The
Treasurer’s comments on Melbourne radio this morning to Crikey’s
Stephen Mayne about tax reform are probably accurate. Peter Costello
said there’s “no reason” to believe that ‘Rupert’ is behind the tax
reform campaign being waged by The Australian.

It’s hard
to imagine (although some might like to believe otherwise) that right
now Rupert Murdoch is sitting in New York in his three-level apartment
on Fifth Avenue directing his newspaper’s freedom of information
applications to get access to Treasury’s modelling of tax policy.

If
the campaign for tax reform was simply the folly of a billionaire media
proprietor then it would be easy for the Government to dismiss it.

However, the call for an overhaul of the tax system is not restricted to just The Australian. Over the last year The Australian Financial Review has also run hard on tax and on the question of the Coalition’s reform agenda more broadly.

(It’s
not a coincidence that of the country’s four major newspapers, the two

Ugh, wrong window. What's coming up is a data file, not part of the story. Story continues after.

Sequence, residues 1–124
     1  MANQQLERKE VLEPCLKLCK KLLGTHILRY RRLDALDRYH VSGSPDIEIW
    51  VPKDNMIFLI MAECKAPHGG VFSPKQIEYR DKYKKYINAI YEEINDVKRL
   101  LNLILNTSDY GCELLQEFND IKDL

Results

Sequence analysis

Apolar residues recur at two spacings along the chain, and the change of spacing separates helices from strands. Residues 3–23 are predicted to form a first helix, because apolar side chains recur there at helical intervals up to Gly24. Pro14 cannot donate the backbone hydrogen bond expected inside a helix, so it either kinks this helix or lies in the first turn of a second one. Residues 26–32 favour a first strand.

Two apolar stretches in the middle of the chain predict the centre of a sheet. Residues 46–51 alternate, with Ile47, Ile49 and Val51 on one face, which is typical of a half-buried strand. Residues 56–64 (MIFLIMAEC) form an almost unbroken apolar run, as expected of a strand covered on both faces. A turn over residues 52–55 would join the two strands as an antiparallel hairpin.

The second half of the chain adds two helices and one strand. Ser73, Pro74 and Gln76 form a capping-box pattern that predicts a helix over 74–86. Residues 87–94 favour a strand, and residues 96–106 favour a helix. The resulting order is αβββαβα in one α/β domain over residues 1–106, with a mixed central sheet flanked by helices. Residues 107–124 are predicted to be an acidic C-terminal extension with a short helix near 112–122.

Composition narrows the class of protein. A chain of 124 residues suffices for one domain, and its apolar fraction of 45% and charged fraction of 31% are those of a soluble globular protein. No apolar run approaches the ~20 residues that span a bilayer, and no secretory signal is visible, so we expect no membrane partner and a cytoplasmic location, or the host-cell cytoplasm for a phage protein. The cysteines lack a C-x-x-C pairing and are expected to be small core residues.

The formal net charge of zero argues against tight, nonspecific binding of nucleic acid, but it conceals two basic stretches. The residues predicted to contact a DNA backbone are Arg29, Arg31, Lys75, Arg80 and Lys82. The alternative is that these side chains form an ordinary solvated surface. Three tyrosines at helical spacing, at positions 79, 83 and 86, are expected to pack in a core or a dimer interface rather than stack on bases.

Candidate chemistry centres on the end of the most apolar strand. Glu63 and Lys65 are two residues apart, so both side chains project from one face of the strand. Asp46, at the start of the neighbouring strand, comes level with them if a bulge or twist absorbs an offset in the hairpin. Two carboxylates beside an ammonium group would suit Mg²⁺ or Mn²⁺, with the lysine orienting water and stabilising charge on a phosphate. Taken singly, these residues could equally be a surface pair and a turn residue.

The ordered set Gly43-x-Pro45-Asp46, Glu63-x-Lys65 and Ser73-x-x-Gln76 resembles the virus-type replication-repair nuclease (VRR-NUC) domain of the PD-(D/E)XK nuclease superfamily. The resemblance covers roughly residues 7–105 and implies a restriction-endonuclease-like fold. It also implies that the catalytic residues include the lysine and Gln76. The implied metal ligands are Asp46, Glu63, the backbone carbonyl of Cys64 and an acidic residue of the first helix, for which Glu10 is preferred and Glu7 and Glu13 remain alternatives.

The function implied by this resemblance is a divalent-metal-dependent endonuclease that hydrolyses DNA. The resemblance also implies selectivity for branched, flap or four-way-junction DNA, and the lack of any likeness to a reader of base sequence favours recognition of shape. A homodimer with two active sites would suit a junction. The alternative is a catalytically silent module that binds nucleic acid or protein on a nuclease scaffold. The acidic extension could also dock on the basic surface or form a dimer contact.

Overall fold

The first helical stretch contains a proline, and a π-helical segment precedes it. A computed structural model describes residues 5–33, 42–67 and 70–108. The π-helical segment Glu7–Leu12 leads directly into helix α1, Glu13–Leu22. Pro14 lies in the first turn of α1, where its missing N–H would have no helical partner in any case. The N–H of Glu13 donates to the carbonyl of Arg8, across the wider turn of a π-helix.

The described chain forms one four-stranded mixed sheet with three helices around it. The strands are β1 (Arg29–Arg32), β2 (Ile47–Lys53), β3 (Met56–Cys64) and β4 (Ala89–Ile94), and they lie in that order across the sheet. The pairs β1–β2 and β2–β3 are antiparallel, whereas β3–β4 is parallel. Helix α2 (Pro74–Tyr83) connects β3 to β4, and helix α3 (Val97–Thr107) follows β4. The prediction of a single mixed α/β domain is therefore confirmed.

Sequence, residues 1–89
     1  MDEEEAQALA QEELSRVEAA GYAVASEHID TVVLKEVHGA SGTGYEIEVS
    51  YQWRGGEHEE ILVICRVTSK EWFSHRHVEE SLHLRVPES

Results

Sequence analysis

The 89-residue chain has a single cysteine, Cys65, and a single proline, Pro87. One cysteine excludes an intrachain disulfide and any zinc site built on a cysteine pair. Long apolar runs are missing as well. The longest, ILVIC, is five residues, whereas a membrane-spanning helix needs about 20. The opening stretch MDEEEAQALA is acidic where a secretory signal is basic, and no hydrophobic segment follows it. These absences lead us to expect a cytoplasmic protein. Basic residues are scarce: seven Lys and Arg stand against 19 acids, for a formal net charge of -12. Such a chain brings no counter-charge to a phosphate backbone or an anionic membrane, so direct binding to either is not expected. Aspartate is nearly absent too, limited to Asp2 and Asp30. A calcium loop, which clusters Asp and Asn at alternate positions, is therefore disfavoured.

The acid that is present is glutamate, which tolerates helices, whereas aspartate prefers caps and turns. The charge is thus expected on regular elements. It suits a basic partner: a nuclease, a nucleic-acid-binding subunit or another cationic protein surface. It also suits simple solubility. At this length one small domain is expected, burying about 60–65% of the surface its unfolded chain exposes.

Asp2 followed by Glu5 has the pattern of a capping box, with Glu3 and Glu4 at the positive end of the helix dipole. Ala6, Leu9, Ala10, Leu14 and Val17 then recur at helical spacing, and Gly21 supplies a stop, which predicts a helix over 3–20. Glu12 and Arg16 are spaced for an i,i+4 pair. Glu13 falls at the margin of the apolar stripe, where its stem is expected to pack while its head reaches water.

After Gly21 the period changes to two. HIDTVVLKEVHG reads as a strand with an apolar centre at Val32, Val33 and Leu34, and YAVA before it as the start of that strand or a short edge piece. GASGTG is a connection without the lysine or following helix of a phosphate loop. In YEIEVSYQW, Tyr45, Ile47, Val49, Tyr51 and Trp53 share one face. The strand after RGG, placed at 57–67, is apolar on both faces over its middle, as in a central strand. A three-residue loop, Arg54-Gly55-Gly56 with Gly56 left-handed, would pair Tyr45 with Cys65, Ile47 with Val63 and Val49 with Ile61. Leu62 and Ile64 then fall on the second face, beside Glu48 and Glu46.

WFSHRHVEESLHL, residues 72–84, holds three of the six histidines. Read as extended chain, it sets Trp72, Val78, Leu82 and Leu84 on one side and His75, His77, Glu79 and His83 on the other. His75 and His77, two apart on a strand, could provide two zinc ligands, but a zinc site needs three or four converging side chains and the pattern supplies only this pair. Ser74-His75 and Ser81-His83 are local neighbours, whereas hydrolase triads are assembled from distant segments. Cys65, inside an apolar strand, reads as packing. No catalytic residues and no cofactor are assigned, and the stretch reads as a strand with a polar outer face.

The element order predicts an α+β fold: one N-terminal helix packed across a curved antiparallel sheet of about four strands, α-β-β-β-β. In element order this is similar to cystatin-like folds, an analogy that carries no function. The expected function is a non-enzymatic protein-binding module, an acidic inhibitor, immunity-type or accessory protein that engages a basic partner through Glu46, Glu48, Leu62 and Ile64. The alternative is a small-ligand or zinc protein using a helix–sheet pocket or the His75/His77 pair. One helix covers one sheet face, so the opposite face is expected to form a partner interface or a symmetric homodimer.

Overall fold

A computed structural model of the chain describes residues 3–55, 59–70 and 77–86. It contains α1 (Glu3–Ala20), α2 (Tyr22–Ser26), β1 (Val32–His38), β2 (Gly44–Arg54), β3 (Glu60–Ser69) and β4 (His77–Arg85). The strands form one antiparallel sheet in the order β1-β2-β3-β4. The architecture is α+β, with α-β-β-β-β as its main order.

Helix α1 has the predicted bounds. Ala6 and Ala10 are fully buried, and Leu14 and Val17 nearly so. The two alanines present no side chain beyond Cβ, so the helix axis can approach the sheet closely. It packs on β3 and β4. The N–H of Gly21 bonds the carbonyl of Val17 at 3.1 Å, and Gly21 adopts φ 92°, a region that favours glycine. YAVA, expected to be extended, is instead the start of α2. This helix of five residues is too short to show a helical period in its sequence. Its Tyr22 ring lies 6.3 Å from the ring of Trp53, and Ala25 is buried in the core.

that view Australia from a genuinely international perspective have
been the most vocal proponents of reform. The Age and The SMH are still pretending that the biggest issue facing the nation is how to resurrect Medicare Gold.)

Business
groups, unions, think-tanks, Liberal and Labor MPs are all in on the
act – not only Rupert Murdoch. If, as Paul Keating said in the early
1990s, every parrot in the pet shop was squawking micro-economic
reform, every parrot is now squawking tax reform. We’re now all experts
on effective marginal tax rates, flat tax in Lithuania, and deductions for work related
expenses.

The clamour for reform is helping – not hurting – the
Government. Next year the Coalition is entering its tenth year and a
bright new program of tax reform is just what it needs to avoid looking
old. What is going to be the real BBQ-stopper this Christmas? Unfair
dismissal laws or tax cuts? And what would John Howard want it to be?

Policy
purists might hope that tax reform will come about because it’s good
policy – but in 2006 it is more likely to happen because it is good
politics.